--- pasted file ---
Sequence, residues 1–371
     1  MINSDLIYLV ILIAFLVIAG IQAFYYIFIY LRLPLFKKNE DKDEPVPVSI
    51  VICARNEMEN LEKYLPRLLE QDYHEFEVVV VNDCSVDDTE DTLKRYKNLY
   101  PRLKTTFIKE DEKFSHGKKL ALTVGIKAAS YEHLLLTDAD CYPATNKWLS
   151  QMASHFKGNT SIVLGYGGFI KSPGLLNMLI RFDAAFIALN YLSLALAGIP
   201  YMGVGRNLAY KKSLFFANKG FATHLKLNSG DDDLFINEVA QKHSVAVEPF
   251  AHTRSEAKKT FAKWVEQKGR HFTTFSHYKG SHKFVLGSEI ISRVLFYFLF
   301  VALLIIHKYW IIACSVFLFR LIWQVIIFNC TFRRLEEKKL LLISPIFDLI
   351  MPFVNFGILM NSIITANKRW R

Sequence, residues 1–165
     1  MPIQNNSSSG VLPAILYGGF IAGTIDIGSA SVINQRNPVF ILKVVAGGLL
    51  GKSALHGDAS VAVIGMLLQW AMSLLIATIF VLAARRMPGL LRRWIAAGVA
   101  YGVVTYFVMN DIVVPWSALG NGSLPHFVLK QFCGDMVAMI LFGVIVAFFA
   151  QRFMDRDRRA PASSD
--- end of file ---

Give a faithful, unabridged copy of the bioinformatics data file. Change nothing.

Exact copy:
Sequence, residues 1–371
     1  MINSDLIYLV ILIAFLVIAG IQAFYYIFIY LRLPLFKKNE DKDEPVPVSI
    51  VICARNEMEN LEKYLPRLLE QDYHEFEVVV VNDCSVDDTE DTLKRYKNLY
   101  PRLKTTFIKE DEKFSHGKKL ALTVGIKAAS YEHLLLTDAD CYPATNKWLS
   151  QMASHFKGNT SIVLGYGGFI KSPGLLNMLI RFDAAFIALN YLSLALAGIP
   201  YMGVGRNLAY KKSLFFANKG FATHLKLNSG DDDLFINEVA QKHSVAVEPF
   251  AHTRSEAKKT FAKWVEQKGR HFTTFSHYKG SHKFVLGSEI ISRVLFYFLF
   301  VALLIIHKYW IIACSVFLFR LIWQVIIFNC TFRRLEEKKL LLISPIFDLI
   351  MPFVNFGILM NSIITANKRW R

Sequence, residues 1–165
     1  MPIQNNSSSG VLPAILYGGF IAGTIDIGSA SVINQRNPVF ILKVVAGGLL
    51  GKSALHGDAS VAVIGMLLQW AMSLLIATIF VLAARRMPGL LRRWIAAGVA
   101  YGVVTYFVMN DIVVPWSALG NGSLPHFVLK QFCGDMVAMI LFGVIVAFFA
   151  QRFMDRDRRA PASSD